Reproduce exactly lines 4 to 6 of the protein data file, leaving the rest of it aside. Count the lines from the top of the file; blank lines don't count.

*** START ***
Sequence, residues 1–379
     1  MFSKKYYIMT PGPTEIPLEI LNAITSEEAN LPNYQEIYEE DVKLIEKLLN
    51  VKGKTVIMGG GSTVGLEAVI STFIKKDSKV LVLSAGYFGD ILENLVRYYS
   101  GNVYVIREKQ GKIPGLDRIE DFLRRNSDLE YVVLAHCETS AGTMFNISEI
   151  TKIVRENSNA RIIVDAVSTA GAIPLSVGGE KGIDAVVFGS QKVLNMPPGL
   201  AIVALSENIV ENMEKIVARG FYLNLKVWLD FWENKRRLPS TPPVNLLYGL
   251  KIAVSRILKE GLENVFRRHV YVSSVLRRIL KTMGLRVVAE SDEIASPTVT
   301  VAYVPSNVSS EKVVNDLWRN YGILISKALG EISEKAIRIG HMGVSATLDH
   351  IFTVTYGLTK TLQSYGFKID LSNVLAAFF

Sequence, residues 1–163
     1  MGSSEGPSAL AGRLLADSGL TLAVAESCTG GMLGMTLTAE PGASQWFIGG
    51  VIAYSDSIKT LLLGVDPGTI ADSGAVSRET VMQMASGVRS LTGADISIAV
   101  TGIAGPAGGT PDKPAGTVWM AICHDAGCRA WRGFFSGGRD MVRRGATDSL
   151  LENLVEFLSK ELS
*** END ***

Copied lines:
   101  GNVYVIREKQ GKIPGLDRIE DFLRRNSDLE YVVLAHCETS AGTMFNISEI
   151  TKIVRENSNA RIIVDAVSTA GAIPLSVGGE KGIDAVVFGS QKVLNMPPGL
   201  AIVALSENIV ENMEKIVARG FYLNLKVWLD FWENKRRLPS TPPVNLLYGL